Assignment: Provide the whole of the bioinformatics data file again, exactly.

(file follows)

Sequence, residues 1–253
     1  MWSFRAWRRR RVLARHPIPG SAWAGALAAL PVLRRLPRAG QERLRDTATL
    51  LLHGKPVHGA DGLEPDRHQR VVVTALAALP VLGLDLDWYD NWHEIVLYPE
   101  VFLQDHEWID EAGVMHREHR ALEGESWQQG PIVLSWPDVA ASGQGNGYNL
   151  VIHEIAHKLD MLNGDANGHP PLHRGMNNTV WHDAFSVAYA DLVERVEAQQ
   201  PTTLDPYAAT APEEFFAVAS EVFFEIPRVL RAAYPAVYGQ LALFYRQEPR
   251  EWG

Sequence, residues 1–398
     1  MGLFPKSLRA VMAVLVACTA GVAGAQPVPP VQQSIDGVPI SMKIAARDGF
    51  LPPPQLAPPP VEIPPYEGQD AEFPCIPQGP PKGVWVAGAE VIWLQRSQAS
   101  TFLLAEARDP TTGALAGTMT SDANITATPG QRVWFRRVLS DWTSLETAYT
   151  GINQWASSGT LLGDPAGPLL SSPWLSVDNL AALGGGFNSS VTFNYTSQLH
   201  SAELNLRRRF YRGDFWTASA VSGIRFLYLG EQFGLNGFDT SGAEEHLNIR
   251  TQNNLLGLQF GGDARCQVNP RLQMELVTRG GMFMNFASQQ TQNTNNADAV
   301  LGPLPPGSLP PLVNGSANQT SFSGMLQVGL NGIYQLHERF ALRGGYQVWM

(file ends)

Sequence, residues 1–253
     1  MWSFRAWRRR RVLARHPIPG SAWAGALAAL PVLRRLPRAG QERLRDTATL
    51  LLHGKPVHGA DGLEPDRHQR VVVTALAALP VLGLDLDWYD NWHEIVLYPE
   101  VFLQDHEWID EAGVMHREHR ALEGESWQQG PIVLSWPDVA ASGQGNGYNL
   151  VIHEIAHKLD MLNGDANGHP PLHRGMNNTV WHDAFSVAYA DLVERVEAQQ
   201  PTTLDPYAAT APEEFFAVAS EVFFEIPRVL RAAYPAVYGQ LALFYRQEPR
   251  EWG

Sequence, residues 1–398
     1  MGLFPKSLRA VMAVLVACTA GVAGAQPVPP VQQSIDGVPI SMKIAARDGF
    51  LPPPQLAPPP VEIPPYEGQD AEFPCIPQGP PKGVWVAGAE VIWLQRSQAS
   101  TFLLAEARDP TTGALAGTMT SDANITATPG QRVWFRRVLS DWTSLETAYT
   151  GINQWASSGT LLGDPAGPLL SSPWLSVDNL AALGGGFNSS VTFNYTSQLH
   201  SAELNLRRRF YRGDFWTASA VSGIRFLYLG EQFGLNGFDT SGAEEHLNIR
   251  TQNNLLGLQF GGDARCQVNP RLQMELVTRG GMFMNFASQQ TQNTNNADAV
   301  LGPLPPGSLP PLVNGSANQT SFSGMLQVGL NGIYQLHERF ALRGGYQVWM